Increasing global competition within tourism, escalating fuel prices, the US economic slowdown and the US elections all have the potential to paint a grim picture for the Caribbean’s tourism industry.
The time for talk is over. The time for action is now.
That was the message from Chairman of the Caribbean Tourism Organisation Allen Chastanet to delegates attending the recent Caribbean Media Exchange on Sustainable Tourism held in Puerto Rico.
More than 100 delegates, comprising of journalists, students, development specialists and tourism officials gathered together from 15 to 19 May to interact on tourism related issues.
‘I’m here today to say the debate must stop. I believe in the next two years there will be things taking place in this world that we’ll long for the days we let pass,’ said Senator Chastanet, also St. Lucia’s tourism minister.
He referred to US carriers which are to cut up to 20 per cent of their carrying capacity because of escalating fuel costs.
And the fact that the US is going into an election only serves to make the situation worse. ‘It is always in an election year that business drops in the fourth quarter anywhere between 20 to 30 per cent,’ he said.
Noting the combination of the US economic slowdown, the election and the drop in airline capacity, he said there could be a dramatic drop in tourist arrivals to the region in the third and fourth quarters of this year, and even the first quarter of next year. ‘So that’s three quarters in a row in which you’re going to see a tremendous decline in numbers.’
Mr. Chastanet said the opportunities to truly embrace tourism within the Caribbean have not been seized, and while world tourism grew by nearly seven per cent in 2007, this region grew by two per cent, while market share dwindled from 4.5 per cent to 2.5 per cent.
‘Times are changing and unfortunately the world economic situation as it is, with oil prices climbing, will have significant implications for this region in the next six to eight months and we don’t have time to waste.’
Tourism ministers are due to meet on 29 May in an emergency session and again on 21 June in Washington DC, followed by a CARICOM heads of government meeting in July where tourism issues would be discussed.
Mr Chastanet added that some hardline decisions must be taken, such as a way to come up with $30 million for marketing the region. Noting that tourism brings billions of dollars of foreign exchange and investment in the region, he said, ‘If we leave that meeting in July without a formula to raise money for a regional marketing campaign, I’ve attended my last regional meeting.’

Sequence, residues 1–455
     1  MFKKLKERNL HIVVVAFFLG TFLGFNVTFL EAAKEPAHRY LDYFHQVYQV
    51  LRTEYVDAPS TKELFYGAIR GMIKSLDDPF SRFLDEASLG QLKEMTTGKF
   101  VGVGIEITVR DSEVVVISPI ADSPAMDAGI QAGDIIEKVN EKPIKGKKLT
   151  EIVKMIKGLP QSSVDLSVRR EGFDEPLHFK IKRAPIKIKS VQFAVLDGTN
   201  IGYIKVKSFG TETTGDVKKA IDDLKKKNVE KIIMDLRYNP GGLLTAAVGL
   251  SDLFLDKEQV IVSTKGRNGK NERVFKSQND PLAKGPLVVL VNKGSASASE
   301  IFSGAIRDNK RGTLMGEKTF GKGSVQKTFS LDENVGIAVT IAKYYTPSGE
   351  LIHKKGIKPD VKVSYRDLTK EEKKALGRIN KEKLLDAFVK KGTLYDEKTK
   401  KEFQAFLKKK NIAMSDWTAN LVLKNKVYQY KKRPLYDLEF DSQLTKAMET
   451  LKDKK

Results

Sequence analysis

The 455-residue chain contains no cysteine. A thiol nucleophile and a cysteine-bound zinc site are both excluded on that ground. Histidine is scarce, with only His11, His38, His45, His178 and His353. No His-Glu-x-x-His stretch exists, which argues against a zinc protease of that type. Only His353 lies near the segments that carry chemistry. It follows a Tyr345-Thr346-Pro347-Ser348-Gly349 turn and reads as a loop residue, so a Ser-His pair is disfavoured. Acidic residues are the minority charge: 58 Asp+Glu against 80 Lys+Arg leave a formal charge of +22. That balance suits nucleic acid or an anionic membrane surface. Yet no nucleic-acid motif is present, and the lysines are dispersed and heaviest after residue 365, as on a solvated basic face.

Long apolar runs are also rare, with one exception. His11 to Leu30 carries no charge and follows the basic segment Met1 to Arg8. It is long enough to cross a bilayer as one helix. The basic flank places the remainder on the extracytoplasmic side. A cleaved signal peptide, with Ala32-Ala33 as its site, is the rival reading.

He criticised those Caribbean countries that are increasing departure taxes, fuel taxes and landing fees despite the fact that airlines are all losing money right now.
In an increasing competitive tourism climate, he warned that tourists are now demanding the best.
Mentioning such travel review sites as ww.Tripadvisor.com, he said, ‘People cannot get away today with the same mistakes over and over again. And I believe at some point there will be a Tripadvisor that will talk about the destinations. We’ve been very lucky so far they’ve stuck to the hotel part of it.’
The CTO head said people will not put up with nonsense anymore: long lines, taxi drivers ripping people off, food and services not being good. ‘We need to step up to the plate because there are other countries and destinations in the world that recognise what tourism can do.’
He spoke about the rise in tourism elsewhere. In 2006 in Dubai they had six million tourist arrivals; China had 40 million tourists last year, while other places such as India, Russia and Eastern Europe are becoming popular tourist destinations.
‘And we continue to lament here and [have] discussions on all kinds of things rather than getting down to action.’
Using St. Lucia as an example, he said that customs duties there represent three quarters of the total income to government and 50 per cent of that income is from tourism.
In order to be successful down the road the distinguishing feature of any island or destination is its own distinct culture. ‘People want to go somewhere and see something different,’ he said.